There are certain brands that my colleagues in food media justifiably rally around. I’ll think that I’ve discovered some brilliant product only to learn that a coworker has long been just as enthusiastic about it. Brooklyn Delhi is one of those brands.
Years ago, I received my first jar of Brooklyn Delhi’s achaar in a gift bag from Cherry Bombe Jubilee, an annual conference from the magazine and media company highlighting women in food. That first jar of rhubarb ginger achaar went quickly. As the label recommended, I put it on pretty much everything, from rice bowls to sandwiches. Since then I’ve purchased the tomato and garlic achaar (the rhubarb is no longer available) countless times. Just yesterday, I used the garlic to liven up a baked potato. And this week on Eater, Jaya Saxena wrote about her path to embracing the brand’s simmer sauces, calling them “as close as you can get to homemade in a jar.” Read her essay to understand why that’s the highest of compliments, and then add a couple to your cart.
An Edie Parker lighter, Tovolo jar scraper, Brooklyn Delhi simmer sauce, and CRUXGG carbon steel pans.
Eater executive editor Stephanie Wu swears by this silicone jar scraper, essentially a mini spatula, for getting the last bits out of a peanut butter jar. And who wouldn’t want that?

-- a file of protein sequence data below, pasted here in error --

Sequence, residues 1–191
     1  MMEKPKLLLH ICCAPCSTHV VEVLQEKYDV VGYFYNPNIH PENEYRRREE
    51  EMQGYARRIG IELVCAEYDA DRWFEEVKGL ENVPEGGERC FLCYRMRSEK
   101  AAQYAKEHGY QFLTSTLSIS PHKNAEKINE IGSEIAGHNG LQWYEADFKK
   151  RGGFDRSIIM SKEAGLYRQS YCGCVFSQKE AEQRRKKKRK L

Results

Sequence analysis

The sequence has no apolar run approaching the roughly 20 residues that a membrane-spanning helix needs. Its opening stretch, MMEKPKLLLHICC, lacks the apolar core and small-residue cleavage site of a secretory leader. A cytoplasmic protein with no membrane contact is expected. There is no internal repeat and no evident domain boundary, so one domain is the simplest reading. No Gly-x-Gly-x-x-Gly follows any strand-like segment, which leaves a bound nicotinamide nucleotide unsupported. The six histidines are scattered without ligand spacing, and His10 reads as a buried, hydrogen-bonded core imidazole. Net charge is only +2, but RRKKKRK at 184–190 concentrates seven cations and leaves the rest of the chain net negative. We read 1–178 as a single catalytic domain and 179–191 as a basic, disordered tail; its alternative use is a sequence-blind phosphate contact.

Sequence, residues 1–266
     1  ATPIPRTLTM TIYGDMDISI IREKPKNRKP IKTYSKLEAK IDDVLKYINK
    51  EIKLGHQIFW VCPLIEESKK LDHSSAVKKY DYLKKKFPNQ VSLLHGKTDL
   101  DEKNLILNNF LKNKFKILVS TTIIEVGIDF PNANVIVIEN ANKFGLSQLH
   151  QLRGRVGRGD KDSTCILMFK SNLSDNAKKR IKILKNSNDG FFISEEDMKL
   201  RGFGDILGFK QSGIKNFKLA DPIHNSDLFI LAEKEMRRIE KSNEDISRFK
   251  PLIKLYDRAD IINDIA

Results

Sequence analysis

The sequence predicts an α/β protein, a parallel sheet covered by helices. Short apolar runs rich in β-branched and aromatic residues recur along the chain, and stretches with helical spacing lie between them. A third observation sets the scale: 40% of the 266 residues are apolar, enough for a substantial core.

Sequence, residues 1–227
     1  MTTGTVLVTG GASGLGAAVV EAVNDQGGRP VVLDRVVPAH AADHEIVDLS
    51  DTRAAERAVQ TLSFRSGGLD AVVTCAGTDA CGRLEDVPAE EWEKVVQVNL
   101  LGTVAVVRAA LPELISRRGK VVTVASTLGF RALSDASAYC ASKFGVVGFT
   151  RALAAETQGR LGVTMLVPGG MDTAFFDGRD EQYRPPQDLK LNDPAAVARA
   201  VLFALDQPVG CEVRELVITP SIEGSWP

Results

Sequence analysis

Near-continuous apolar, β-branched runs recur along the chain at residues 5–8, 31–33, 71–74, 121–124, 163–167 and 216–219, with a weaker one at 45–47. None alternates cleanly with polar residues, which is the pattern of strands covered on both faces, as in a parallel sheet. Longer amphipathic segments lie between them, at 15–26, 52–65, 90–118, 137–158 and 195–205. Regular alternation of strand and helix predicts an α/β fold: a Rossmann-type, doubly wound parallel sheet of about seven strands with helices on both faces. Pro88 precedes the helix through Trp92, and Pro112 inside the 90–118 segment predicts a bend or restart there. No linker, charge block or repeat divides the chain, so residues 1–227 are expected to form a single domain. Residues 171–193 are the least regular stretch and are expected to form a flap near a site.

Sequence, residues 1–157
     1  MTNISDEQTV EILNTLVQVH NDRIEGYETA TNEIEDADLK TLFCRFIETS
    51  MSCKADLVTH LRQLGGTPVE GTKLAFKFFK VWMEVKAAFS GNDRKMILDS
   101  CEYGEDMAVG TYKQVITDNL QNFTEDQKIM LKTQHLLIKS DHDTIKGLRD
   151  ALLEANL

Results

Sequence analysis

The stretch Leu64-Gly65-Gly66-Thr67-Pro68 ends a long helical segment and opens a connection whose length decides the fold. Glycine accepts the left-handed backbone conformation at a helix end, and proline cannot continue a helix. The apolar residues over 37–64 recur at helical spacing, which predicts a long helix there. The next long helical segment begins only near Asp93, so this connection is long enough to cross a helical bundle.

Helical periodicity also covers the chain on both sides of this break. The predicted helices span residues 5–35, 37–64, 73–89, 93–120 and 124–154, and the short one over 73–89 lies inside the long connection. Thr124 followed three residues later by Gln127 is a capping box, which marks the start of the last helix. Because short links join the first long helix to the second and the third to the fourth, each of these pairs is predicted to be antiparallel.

Also on Eater this week, Jaya called for more manchettes – those frilly paper crowns that used to appear on drumsticks and other bone-in meat, which serve the dual purpose of protecting your hands from mess and looking fancy. If you’d like to support this comeback, you can pick up a pack on Amazon or at your local kitchen-supply store.
- For the person who has everything, to be gifted by the person who has a spare $700, there’s this tabletop lighter shaped like a sandwich from Edie Parker.
Just as delightful for a fraction of the price: A candlestick holder shaped like a molded Jell-O salad.
- The latest kitchen gear from Ghetto Gastro and Crux is a line of
pre-seasoned carbon steel pans. CRUXGG calls the line Blue Steel, which refers to the blue-annealing process that makes the pans resistant to rust.
The seltzer market is oversaturated, and so it’s nice to see a canned beverage not advertising itself as a seltzer at all. Ruby just released some new sparkling hibiscus water in unsweetened hibiscus, concord grape, and blood orange flavors. Hibiscus-based beverages are, of course, nothing new; sorrel is extremely popular throughout the Caribbean, and if you’re looking for some, note that Brooklyn Brewed Sorrel ships everywhere.
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